The reality is that the opposite is true. Independent authors have found that giving books away for free is one of the best ways to increase their audience and so their income. Award winning author Neil Gaiman saw a sharp rise in sales in Russia after his books were pirated there.

The broader lesson is clear – few things are as damaging as obscurity. Even if your idea is not followed, even if people disagree with your opinions, someone will value what you have to say and come back to you in future. Make your voice heard or have it forever ignored.

Stopping The Rot

Hiding your opinion doesn’t just hold you back, it can be bad for others and for your relationships with them.

We often hold back from offering our opinions because we fear that they will hurt others’ feelings. Perhaps you need to give negative feedback to someone you manage. Perhaps a project isn’t going ahead and you dread telling the team who’ve poured their hearts into planning for it.

But putting it off won’t make the news any easier to hear. In fact it will make it harder, allowing false hope to grow and then be crushed, or fostering an uneasy atmosphere through the discrepancy between what you say and what you know. Walking on eggshells does no-one any favors, so be tactful in speaking up on difficult subjects, but also be prompt.

Think About Your Words

This isn’t to say that you should just blurt out the first thing that comes into your head. You should plan what you intend to say, where possible grounding your opinions in a sound basis of facts and trial and error.

Nor should you make the talking all about you. Self-centeredness, trying to make every word and every situation about you and your achievements, is a toxic sort of leadership that’s ultimately self-defeating. You should speak up, but that should be as much to support others in their opinions as to put forward your own, and far more to sing the praises of others than to flaunt your own worth.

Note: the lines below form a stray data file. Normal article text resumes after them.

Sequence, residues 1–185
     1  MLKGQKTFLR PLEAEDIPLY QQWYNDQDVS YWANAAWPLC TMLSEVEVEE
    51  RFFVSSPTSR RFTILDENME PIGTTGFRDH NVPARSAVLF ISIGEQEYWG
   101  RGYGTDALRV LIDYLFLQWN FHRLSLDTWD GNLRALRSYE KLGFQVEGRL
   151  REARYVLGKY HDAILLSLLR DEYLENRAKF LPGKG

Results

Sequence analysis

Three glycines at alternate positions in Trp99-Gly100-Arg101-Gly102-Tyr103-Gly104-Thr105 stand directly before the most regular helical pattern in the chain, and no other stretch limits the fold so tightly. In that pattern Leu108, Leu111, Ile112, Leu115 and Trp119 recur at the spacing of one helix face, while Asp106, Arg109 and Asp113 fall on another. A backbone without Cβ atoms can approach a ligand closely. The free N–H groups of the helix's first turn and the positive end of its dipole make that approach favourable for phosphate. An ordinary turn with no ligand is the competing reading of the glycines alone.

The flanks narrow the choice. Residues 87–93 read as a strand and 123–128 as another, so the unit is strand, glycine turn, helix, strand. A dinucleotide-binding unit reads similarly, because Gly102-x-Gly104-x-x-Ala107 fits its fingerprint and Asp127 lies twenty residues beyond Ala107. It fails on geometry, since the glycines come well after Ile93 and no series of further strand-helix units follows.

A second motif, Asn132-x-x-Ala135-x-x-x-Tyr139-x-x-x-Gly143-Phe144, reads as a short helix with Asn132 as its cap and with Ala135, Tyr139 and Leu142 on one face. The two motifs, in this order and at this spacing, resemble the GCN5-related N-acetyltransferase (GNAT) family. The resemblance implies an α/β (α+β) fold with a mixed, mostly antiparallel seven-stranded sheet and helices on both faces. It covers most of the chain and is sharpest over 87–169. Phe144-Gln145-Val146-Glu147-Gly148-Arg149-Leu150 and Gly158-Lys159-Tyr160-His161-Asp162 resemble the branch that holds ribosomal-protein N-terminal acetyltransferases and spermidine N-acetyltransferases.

As long as you think about what your communication, as long as you balance your own interest with that of others, then there is no reason to hold back your opinions. Be loud, be proud, be yourself, and watch as others follow.

Image credit: pixabay.com

HR Conversions Stick To The Ribs And Souls

By the time she met with me, her discomfort and exhaustion were evident. She was vulnerable and it showed: her tired eyes avoided direct contact and her hoarse voice betrayed her disgust. She slowly slid my paperwork in front of me.

“Mercy me,” I said. She nodded and closed her eyes.

We were all vulnerable that fateful day, our proverbial hearts on our sleeves, each and everyone wondering what we were going to do next, severance packages in hand. Earlier that afternoon, our HR director’s mood had been much more upbeat and empathic when she embarked on processing layoff after layoff, nearly the all the remaining 75 employees. At our height just a few months prior, we were just shy of 200 employees with nothing but blue sky ahead.